The Witches | RMIT Union ArtsPhotos - Marc Morel

RMIT Director-in-residence Lynne Ellis has done it again. This brilliant adaptation of Roald Dahl’s classic tale about a young boy and his grandmother tempering the evil forces of conspiracy is a summer hit.

All is not what it seems when a coven of witches plot and scheme to turn all of the children of England into mice. Grand Witch (James Wray) vomits vile blue when she gets a whiff of smelly little children. Under her watchful eye the witches gather in a big city Hotel set to unleash foul play throughout the land. The Hotel’s clueless Bell Boy (Han Tran) becomes their unwitting counterpart. As if to appear prim and proper to high society, the witches conspiracy is cleverly disguised as a rather toffee-nosed affair - A Royal Society For Prevention of Cruelty to Children Convention - a lovely ladies luncheon style bash no less.

When intrepid seven-year-old Boy (Briena Macnish) and his chocoholic best mate, Bruno (Erin Roth) discover the witches ruse and attempt to foil their evil plans, the lads find themselves the subject of gross magic, sporting a tail, pointy ears, long whiskers and four furry feet. But how can they save the children, as tiny mice?

Boy turns his mousy misfortune to great use. His resourceful four legs carry him to his wise grandmother, who knows about such awful witchy business. The duo, with the assistance of a woolly sock that dear old granny is knitting, manage to spike the witches pea soup luncheon with their own brand sinister potion. The witches themselves fall prey and are transformed into a plague of mice - conspiracy averted. The children of England are saved. Magic behests magic, and while Boy too is destined to remain a mouse forever more, it doesn’t matter who or what he is, as will always have his Gran.

Dahl’s classic tale about things not being what they seem is used to great effect by Director Ellis, who has made a fine kiddies theatre spectacular with the witty contemporary adaptation by David Wood. The conspiracy metaphor played out in full force through superb character performances, Mr Jenkins (Claire Jenkins) and Grand Witch (James Wray) are standout roles, making sidesplitting, playful, critical references to fast food outlets, multinationals, media moguls, cult celebrity disasters and ousted liberal parties.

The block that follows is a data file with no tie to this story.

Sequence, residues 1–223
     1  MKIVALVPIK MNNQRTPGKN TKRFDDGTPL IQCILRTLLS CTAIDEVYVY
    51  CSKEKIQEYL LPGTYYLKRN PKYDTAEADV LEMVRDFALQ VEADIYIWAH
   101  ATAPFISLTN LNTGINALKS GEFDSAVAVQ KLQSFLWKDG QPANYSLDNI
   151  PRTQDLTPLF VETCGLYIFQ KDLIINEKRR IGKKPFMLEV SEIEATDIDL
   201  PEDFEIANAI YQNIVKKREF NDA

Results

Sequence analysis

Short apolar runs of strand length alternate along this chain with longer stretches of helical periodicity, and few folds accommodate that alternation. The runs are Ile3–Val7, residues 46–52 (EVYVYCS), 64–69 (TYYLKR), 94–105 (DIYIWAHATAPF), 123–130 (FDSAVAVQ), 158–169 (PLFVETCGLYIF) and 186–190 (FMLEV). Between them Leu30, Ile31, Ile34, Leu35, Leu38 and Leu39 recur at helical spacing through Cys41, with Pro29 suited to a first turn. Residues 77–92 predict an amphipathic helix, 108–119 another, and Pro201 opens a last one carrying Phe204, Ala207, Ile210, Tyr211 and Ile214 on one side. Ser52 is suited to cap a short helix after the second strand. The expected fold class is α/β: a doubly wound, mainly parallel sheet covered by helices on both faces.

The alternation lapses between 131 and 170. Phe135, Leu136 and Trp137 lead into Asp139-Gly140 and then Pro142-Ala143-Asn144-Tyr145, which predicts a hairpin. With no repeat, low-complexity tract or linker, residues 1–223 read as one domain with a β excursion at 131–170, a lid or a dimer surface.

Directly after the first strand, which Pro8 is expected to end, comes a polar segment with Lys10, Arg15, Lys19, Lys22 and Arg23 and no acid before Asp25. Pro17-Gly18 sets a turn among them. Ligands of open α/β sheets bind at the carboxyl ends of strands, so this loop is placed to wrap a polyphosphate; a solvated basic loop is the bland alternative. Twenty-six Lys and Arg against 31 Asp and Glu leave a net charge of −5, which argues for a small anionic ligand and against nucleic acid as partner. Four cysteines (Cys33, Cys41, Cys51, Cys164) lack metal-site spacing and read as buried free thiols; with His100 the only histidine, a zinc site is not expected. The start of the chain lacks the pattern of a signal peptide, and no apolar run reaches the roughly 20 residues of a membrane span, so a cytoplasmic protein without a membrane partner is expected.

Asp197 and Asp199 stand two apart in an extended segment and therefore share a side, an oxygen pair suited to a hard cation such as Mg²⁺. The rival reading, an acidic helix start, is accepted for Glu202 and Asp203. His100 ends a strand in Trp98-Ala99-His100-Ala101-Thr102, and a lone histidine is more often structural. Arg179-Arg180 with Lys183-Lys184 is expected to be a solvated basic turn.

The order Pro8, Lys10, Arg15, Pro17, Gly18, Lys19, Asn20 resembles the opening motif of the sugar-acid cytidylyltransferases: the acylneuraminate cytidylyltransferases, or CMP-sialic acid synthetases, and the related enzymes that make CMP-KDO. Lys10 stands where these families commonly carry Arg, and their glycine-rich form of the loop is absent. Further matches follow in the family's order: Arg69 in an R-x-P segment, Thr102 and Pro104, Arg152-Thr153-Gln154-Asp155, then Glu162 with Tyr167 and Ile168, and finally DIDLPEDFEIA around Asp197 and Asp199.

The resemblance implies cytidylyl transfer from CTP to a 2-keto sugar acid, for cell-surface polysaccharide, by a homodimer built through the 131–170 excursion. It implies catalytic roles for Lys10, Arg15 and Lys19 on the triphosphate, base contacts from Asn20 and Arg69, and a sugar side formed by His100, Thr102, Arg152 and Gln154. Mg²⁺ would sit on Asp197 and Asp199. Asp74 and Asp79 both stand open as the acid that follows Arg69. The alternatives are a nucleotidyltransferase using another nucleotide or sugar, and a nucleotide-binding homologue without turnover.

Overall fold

Along side all this loud riotous fun is the signature RMIT Arts ribaldry, cascading body fluids, flatulence references, The Goodies references, jackass shenanigans, water pistols released on an unsuspecting audience all delightfully set against that wise age old maxim, that the meek, the humble little creatures will indeed inherit our fraught little planet earth.

Like previous RMIT Arts Children’s spectaculars, last years Fantastic Mr. Fox for instance, this production is postmodern media panto at its best - a delight for under tens and their yummy mummy’s and Daddy’s too. Laced with gender bending casting, dazzling lighting design, eighties retro sound design (Dan O’Shea), clever use of screens, multimedia VJ’ing (Mitch Ellis), an interactive dance party (kids get to jump around on stage) and the intoxicating slew of good, bad and ugly stage magic. Delicious Mouse costumes by Christine Hartnett, imaginative Set Design by Temila Macewan.

This meekest of budget spectacular’s produced by Ellis and The Kaleide Theatre crew delights, engages, entertains and illuminates. The Witches also manages to give the main stages a welcome magical run for their big state funded money, while sending out a message that things aren’t always as they seem, and what fun it is to take action. 4000 kids in the little seats, laughing dancing and fingers twinkling in glee can’t be wrong.

RMIT Union Arts presents
The Witches
Written by Roald Dahl, Adapted by David Wood

Venue: RMIT Kaleide Theatre | 360 Swanston St, Melbourne
Dates: Thursday January 3 – Friday January 18, 2008
Times: Monday to Friday 10:30am and 1:00pm
Tickets: $12
Bookings: Malthouse Box Office 9685 5111

Related Articles

Give My Regards To Broady Give My Regards To Broady
This unpretentious production is definitely an over-achiever that shows promise of far greater things. Some shows you laugh at because the cast is trying so hard and you want to encourage them....
The Birthday Party | Melbourne Theatre Company The Birthday Party | Melbourne Theatre Company
Fifty-one years after English playwright Harold Pinter’s The Birthday Party was greeted with hostility and incomprehension from London audiences, the play still has the power to mystify...

Most read Melbourne reviews

Master of the deadpan, harsh host of Hard Quiz, and heartless interrogator on Hard Chat, making...

It doesn’t matter how much you know or care about the legality of the Essendon Football Club...

If you’re looking for a show that’s completely different and unlike anything you’ve seen in...

For fans of the musical, the problems and changes to the book and plot of Chess are as familiar...

Swapping 16th Century Verona for 1930s Hollywood, and a lengthy title for the short and snappy...